How Your Diet Affects Willpower
Willpower is a common tactic in the American mindset. Need to overcome an obstacle? Cure an addiction? Finish a project? The sheer force of mental focus and discipline is what it’s going to take.
Until you get hungry.
Willpower is a real thing; only it’s not dualistic. There isn’t a small you inside of you propelling your body and thoughts forward. Walter White was right: Life is chemistry. If we’re not supplying our bodies with the right chemicals, we’re not going to follow up on our big plans.
In his book, Bulletproof Diet, Dave Asprey — founder of Bulletproof Coffee with butter, something I’m admittedly a fan of — discusses exactly why this is the case. He begins by reminding us that higher-level processes that require our neocortex are more energetically expensive than other neural processes. He writes,
A process like willpower is far more sensitive to your energy than the lower levels of biology needed for survival.
Asprey uses the triune brain model developed by neuroscientist and psychiatrist Paul D. MacLean, a model I’ve employed for years in the movement, music, and neuroscience fitness programs I’ve developed. While not everyone in the field agrees with this assessment, I’ve found it extremely useful in explaining how we prioritize our thoughts and emotional processes. Roughly, it goes like this:
Reptilian complex. The basal ganglia, which MacLean related to our ancient, ancient ancestors. This controls basic movement, procedural learning, many of our regular habits, and, importantly, our emotions. The thrust for survival occurs in this region. When we get “hangry,” it’s our body telling us to get energy quick (even if that particular sensation is the result of carb/sugar overloading). Think of the way a housecat stalks his territory — one of my three guards the litter box like it’s his personal treasure. Reptilian brain aggression at its finest.
Paleomammalian complex. Otherwise known as the limbic system, this region includes the cingulate cortex, which involves the processing of emotions and learning; the hippocampal system, where memories are processed and stored; and the amygdalae, which involves decision-making and emotional reactivity. Asprey calls this our “Labrador retriever brain.” Trouble paying attention and being easily distracted occurs here. It’s also the region that creates our consistent cravings for food. If we’ve grown accustomed to feeding ourselves the wrong types of food, it will always be on the hunt.
Neomammalian complex. Our neocortex. Evolutionarily the newest region, as well as the area separating us from the rest of the animal kingdom. Language, perception, planning, and perception occur here. When you want to employ a higher-level skill like willpower, the decisions made are being decided in this region.
While our brain, and entire body, is dependent on all other parts, we can simply sketch our brain like a ladder, escalating through the stages of evolution. We ensure survival; we gather resources to guarantee prosperity; we focus on ideals and creativity. Each region needs to be fed properly, which is where Asprey sees a problem.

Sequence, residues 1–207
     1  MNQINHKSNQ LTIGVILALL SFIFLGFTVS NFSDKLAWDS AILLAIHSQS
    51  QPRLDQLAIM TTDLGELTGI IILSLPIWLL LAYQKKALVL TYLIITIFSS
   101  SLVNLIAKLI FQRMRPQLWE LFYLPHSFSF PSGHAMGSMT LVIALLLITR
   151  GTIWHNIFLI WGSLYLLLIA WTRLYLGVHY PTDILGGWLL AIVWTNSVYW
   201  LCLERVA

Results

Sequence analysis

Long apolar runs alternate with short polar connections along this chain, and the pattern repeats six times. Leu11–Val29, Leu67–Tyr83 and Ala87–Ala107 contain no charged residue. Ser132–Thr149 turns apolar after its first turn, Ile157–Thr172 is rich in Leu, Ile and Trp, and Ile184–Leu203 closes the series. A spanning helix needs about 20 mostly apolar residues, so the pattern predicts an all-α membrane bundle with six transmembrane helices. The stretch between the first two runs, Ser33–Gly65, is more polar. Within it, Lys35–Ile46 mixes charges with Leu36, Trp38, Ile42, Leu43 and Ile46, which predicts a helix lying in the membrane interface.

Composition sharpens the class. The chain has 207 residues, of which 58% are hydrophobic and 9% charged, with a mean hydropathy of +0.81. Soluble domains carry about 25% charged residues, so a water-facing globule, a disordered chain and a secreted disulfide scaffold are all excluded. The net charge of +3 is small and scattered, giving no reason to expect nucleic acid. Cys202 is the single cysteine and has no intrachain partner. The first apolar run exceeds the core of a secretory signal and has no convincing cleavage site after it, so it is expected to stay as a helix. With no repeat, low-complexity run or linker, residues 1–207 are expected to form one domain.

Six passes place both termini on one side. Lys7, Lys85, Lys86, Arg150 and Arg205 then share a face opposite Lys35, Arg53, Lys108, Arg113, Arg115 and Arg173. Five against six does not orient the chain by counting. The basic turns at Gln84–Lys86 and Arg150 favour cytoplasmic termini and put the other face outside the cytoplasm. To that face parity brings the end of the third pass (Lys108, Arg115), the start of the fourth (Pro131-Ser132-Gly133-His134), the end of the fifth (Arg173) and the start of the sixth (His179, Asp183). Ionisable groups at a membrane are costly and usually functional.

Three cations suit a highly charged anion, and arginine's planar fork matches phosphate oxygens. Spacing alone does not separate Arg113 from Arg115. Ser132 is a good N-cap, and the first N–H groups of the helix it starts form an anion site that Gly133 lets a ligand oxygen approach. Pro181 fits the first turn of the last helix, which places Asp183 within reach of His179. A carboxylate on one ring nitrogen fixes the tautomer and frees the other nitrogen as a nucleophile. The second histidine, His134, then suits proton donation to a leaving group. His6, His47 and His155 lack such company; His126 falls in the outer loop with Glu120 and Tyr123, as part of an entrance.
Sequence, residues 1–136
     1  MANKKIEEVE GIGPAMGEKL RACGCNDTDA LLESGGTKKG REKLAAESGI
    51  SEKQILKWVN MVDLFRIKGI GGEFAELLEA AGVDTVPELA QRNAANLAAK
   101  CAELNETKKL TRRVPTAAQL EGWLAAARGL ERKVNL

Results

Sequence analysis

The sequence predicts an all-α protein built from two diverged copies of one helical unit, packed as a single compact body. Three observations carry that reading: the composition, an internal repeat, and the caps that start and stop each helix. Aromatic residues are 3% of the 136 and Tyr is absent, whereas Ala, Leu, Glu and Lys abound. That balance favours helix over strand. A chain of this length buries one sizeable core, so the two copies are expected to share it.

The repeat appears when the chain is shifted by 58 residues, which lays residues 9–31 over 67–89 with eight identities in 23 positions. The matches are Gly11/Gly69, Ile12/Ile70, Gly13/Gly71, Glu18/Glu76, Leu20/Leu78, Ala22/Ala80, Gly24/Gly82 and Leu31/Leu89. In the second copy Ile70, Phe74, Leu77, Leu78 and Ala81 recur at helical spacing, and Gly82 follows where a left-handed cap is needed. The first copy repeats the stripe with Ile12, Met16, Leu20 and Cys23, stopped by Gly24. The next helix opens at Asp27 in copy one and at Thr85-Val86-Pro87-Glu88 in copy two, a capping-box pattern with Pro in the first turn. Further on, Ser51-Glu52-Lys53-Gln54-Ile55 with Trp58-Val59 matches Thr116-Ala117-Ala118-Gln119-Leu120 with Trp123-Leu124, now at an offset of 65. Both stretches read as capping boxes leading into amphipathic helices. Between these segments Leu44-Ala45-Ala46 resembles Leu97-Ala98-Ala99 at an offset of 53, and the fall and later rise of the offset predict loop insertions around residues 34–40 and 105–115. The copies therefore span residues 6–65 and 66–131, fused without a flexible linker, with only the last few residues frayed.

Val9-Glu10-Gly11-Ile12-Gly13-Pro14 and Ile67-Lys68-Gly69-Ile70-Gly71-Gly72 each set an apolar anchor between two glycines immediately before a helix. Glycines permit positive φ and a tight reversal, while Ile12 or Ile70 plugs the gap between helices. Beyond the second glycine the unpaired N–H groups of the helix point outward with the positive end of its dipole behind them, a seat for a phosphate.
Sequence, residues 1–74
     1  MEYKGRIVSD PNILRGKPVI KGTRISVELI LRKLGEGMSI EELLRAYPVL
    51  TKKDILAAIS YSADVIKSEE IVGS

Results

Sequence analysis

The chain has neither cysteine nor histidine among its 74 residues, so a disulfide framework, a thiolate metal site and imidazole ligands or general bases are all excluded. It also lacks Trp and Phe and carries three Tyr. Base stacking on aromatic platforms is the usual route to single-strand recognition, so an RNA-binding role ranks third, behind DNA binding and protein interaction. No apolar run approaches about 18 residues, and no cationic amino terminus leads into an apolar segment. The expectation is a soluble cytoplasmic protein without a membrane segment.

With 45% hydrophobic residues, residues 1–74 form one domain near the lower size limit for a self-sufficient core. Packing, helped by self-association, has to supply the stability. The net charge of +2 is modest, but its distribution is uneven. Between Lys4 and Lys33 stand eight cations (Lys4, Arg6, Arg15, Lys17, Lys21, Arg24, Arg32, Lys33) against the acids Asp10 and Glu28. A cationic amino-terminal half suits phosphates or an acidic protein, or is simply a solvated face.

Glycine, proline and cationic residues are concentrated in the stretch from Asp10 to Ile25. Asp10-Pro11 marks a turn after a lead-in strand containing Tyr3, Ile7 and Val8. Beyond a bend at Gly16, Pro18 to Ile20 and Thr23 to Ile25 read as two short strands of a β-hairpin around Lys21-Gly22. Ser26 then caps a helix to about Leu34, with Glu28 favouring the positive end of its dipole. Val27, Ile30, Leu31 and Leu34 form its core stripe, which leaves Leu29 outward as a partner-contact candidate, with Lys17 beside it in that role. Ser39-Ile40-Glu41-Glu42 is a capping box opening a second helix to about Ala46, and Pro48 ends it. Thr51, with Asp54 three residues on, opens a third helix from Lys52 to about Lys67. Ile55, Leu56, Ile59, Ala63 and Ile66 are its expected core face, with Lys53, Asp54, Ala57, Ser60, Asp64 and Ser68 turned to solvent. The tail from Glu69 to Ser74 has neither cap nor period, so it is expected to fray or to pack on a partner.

As you might expect, it comes down to sugar. A little sugar goes a long way, but too much makes addicts of us. Asprey discusses how even seemingly healthy diets work against us. For example, a low-fat, low-calorie breakfast causes your body to secrete insulin, causing a drop in blood sugar levels. Fight or flight kicks in at some point in the late morning or early afternoon, tricking your brain into thinking you need to eat stat. Fight as hard as you like; eventually you succumb, if not immediately, then perhaps for dinner or dessert.
Chowing down on a big breakfast could prove equally insidious — if you’re eating food that’s toxic to you or piling on fruit. If it’s the former, your liver uses blood sugar to oxidize the toxins. Your brain is not receiving proper nourishment, which will again set off fight or flight. The result in both of these cases is that your neomammalian complex goes hungry. At that point, willpower seems like a struggle instead of part of a natural rhythm.
As someone who’s suffered from anxiety disorder and chronic digestive issues my entire life, cutting out grains — carb-heavy foods that turn to sugar in your body — has reengineered my system. Gone are the daily energy crashes and sudden cravings; not one example of anxiety has reared its ugly head. While I’m still new to this process, the results thus far have been stark.
I’m not prescribing nutrition advice; I know how much I loathe people telling me what to do and how to do it. We all have our personal constitutions we need to understand. That said, it took me years of eating the wrong foods to find out what works for me. As soon as I did, my body — and brain — began thanking me immediately.
I was a victim of willpower failures for too long: just one piece of this, just a bite of that. Now, beginning my morning with butter-rich coffee and not eating a high-fat lunch until the afternoon has given me an energetic boost and mental clarity I didn’t know was possible. Once I began feeding my brain what it really craves, the rest of my body became nourished as well.
Image: Richard Lautens / Getty
Derek Beres is a Los Angeles-based author, music producer, and yoga/fitness instructor. Follow him on Twitter @derekberes.